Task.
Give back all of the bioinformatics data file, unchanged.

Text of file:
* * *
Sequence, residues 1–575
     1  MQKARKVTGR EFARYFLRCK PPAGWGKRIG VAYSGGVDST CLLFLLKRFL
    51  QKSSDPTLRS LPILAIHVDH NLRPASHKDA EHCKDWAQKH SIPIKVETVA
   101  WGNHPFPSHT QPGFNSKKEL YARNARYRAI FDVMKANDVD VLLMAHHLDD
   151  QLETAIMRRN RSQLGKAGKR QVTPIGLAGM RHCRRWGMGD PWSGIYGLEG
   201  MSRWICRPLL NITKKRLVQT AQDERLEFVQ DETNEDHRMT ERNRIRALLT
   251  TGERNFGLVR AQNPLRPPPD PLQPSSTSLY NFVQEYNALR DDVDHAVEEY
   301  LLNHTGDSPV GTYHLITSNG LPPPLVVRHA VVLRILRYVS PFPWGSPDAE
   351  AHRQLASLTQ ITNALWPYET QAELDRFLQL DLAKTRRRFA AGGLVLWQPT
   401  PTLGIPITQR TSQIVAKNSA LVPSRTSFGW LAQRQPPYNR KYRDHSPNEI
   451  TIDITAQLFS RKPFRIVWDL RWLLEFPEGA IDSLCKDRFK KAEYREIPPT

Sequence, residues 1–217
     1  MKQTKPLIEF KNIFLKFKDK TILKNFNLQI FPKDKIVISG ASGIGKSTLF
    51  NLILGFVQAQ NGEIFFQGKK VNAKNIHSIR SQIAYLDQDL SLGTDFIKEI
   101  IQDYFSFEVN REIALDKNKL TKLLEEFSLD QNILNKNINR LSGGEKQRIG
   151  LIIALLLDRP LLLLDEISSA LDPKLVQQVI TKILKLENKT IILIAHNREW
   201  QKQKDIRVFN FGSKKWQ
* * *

Sequence, residues 1–575
     1  MQKARKVTGR EFARYFLRCK PPAGWGKRIG VAYSGGVDST CLLFLLKRFL
    51  QKSSDPTLRS LPILAIHVDH NLRPASHKDA EHCKDWAQKH SIPIKVETVA
   101  WGNHPFPSHT QPGFNSKKEL YARNARYRAI FDVMKANDVD VLLMAHHLDD
   151  QLETAIMRRN RSQLGKAGKR QVTPIGLAGM RHCRRWGMGD PWSGIYGLEG
   201  MSRWICRPLL NITKKRLVQT AQDERLEFVQ DETNEDHRMT ERNRIRALLT
   251  TGERNFGLVR AQNPLRPPPD PLQPSSTSLY NFVQEYNALR DDVDHAVEEY
   301  LLNHTGDSPV GTYHLITSNG LPPPLVVRHA VVLRILRYVS PFPWGSPDAE
   351  AHRQLASLTQ ITNALWPYET QAELDRFLQL DLAKTRRRFA AGGLVLWQPT
   401  PTLGIPITQR TSQIVAKNSA LVPSRTSFGW LAQRQPPYNR KYRDHSPNEI
   451  TIDITAQLFS RKPFRIVWDL RWLLEFPEGA IDSLCKDRFK KAEYREIPPT

Sequence, residues 1–217
     1  MKQTKPLIEF KNIFLKFKDK TILKNFNLQI FPKDKIVISG ASGIGKSTLF
    51  NLILGFVQAQ NGEIFFQGKK VNAKNIHSIR SQIAYLDQDL SLGTDFIKEI
   101  IQDYFSFEVN REIALDKNKL TKLLEEFSLD QNILNKNINR LSGGEKQRIG
   151  LIIALLLDRP LLLLDEISSA LDPKLVQQVI TKILKLENKT IILIAHNREW
   201  QKQKDIRVFN FGSKKWQ